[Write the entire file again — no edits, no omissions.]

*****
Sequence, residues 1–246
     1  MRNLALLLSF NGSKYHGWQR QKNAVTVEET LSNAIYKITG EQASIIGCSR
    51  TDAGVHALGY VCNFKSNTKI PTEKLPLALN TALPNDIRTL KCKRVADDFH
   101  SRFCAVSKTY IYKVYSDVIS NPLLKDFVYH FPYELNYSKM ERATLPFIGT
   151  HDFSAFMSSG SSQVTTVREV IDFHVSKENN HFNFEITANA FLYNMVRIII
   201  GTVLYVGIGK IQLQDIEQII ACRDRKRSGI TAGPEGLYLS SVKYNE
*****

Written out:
Sequence, residues 1–246
     1  MRNLALLLSF NGSKYHGWQR QKNAVTVEET LSNAIYKITG EQASIIGCSR
    51  TDAGVHALGY VCNFKSNTKI PTEKLPLALN TALPNDIRTL KCKRVADDFH
   101  SRFCAVSKTY IYKVYSDVIS NPLLKDFVYH FPYELNYSKM ERATLPFIGT
   151  HDFSAFMSSG SSQVTTVREV IDFHVSKENN HFNFEITANA FLYNMVRIII
   201  GTVLYVGIGK IQLQDIEQII ACRDRKRSGI TAGPEGLYLS SVKYNE